American Petroleum Institute (API) Vice President of Upstream Policy Kevin O’Scannlain testified during the Environmental Protection Agency’s (EPA) hearing on proposed methane regulations for new and existing sources.
O’Scannlain emphasized the natural gas and oil industry’s commitment to advancing climate solutions and reducing methane emissions while delivering affordable, reliable energy. As outlined in API’s Climate Action Framework released earlier this year, API supports the direct regulation of methane for new and existing sources to build off the industry’s progress in reducing methane emissions, including industry initiatives like The Environmental Partnership. According to EPA and EIA data, average methane intensity declined by more than 70% between 2011 and 2020 in five major US production regions.
“API and its members recognize the importance of developing oil and natural gas resources responsibly and are committed to delivering solutions that reduce the risks of climate change while meeting society’s growing energy needs,” O’Scannlain said. “We support the direct regulation of methane for new and existing sources and remain committed to working with EPA and the administration to identify emission control opportunities that are cost-effective, facilitate innovation and further the progress made in reducing emissions.”
“We want to acknowledge EPA’s inclusion of an alternative fugitive emissions monitoring option that allows for use of advanced detection technologies. As API and other stakeholders have noted, the ability to take advantage of new, more efficient and effective technologies allows for monitoring programs that can more quickly identify and address larger emission events,” O’Scannlain said, “We also appreciate EPA’s incorporation of the streamlined recordkeeping and reporting requirements and the in-house engineer certification option. … We support the inclusion of provisions such as these which maintain environmental control standards and assure compliance with less administrative burden, and encourage EPA to consider other areas of the proposed rules where streamlining could be achieved.”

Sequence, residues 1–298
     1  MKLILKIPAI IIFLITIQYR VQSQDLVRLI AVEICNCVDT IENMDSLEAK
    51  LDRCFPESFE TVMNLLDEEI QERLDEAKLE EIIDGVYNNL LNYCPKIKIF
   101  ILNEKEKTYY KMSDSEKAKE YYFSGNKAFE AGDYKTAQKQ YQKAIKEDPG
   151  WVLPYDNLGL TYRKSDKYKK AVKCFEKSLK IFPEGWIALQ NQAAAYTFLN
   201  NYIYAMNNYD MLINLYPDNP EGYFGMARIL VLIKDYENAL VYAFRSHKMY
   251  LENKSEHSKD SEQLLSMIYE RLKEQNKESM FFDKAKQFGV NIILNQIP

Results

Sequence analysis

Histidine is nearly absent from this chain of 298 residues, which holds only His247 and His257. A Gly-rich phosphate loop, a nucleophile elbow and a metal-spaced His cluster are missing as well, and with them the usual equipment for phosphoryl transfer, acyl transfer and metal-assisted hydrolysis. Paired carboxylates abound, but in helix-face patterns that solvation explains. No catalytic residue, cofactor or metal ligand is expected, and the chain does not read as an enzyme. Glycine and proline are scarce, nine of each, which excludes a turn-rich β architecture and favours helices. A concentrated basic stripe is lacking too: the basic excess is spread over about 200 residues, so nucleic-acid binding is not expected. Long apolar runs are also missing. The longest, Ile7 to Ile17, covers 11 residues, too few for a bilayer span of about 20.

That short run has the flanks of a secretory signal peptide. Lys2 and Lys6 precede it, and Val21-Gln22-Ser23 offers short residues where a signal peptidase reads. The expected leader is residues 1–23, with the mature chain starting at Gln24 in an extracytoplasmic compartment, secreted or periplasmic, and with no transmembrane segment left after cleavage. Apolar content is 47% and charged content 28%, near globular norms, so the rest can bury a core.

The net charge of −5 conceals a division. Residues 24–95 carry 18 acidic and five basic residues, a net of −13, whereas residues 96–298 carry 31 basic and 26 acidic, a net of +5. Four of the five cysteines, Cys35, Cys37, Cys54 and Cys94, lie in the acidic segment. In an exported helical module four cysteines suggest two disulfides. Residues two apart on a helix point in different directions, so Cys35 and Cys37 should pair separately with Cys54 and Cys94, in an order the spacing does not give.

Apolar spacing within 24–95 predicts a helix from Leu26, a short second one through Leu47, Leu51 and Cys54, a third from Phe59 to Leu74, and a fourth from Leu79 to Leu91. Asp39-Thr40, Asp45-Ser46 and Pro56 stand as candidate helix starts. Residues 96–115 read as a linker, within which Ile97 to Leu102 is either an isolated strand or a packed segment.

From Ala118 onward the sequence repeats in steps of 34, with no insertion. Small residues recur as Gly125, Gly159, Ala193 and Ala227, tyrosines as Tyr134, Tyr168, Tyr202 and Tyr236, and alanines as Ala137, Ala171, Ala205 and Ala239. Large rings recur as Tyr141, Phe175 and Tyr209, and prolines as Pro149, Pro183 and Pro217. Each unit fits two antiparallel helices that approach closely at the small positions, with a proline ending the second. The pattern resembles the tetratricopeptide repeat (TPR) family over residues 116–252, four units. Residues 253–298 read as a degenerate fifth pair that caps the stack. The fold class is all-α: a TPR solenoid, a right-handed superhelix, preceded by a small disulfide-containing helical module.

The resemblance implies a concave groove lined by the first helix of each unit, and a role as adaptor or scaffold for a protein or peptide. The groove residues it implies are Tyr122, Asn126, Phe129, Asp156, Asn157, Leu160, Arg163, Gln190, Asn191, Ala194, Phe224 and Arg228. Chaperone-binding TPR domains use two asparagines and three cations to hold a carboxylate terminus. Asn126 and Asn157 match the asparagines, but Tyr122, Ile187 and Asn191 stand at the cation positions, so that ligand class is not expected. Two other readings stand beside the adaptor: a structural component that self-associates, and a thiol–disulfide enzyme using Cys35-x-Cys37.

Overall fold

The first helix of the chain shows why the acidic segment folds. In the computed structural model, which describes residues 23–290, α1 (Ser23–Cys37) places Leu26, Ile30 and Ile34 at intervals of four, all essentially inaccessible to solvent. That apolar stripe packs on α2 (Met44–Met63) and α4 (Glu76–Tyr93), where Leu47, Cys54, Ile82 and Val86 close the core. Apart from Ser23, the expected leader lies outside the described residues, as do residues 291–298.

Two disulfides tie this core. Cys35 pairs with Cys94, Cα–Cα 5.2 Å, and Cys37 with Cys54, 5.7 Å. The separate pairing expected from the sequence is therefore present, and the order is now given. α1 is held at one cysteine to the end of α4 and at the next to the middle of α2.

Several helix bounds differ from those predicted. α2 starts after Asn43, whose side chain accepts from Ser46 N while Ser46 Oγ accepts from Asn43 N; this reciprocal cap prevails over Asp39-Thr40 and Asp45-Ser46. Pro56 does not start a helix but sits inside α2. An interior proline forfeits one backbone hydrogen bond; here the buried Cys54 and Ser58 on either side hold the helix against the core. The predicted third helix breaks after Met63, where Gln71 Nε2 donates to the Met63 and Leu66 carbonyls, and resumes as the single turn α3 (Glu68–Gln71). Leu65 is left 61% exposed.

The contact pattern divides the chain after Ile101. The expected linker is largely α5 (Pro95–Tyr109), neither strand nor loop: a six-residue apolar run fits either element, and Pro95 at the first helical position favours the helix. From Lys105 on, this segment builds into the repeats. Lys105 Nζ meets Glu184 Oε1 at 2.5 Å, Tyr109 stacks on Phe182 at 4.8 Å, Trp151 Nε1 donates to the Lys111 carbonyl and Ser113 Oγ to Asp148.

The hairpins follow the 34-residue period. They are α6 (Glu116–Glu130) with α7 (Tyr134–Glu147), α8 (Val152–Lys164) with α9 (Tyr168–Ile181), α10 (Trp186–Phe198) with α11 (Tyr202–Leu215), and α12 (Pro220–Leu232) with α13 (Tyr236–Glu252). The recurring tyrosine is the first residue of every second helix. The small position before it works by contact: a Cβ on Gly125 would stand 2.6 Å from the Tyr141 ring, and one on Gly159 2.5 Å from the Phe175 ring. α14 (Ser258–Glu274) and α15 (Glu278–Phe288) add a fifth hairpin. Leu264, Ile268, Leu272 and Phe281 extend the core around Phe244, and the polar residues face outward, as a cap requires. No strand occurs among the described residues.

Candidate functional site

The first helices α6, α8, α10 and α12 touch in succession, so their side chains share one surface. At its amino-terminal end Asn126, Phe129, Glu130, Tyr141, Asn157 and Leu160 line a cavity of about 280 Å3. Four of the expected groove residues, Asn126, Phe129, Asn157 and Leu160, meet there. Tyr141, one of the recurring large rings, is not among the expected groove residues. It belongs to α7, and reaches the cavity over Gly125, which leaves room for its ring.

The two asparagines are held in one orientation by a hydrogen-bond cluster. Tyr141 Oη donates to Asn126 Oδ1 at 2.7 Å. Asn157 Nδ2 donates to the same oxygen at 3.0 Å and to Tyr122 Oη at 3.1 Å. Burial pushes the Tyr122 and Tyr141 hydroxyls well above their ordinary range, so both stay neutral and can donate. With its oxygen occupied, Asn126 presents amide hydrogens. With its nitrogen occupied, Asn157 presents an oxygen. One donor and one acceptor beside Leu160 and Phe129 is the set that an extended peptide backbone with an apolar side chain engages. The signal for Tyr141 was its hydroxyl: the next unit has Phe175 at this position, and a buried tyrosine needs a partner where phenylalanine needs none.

O’Scannlain closed his testimony highlighting key issues for the EPA to consider during the public comment period. “With respect to rule implementation, we urge EPA to carefully consider the availability and cost of equipment, labor and other required resources needed to comply with the proposed standards,” O’Scannlain said. “These aspects are especially critical in setting workable implementation timelines, given the hundreds of thousands of existing sources that may require retrofit, and current well-documented supply chain shortages.”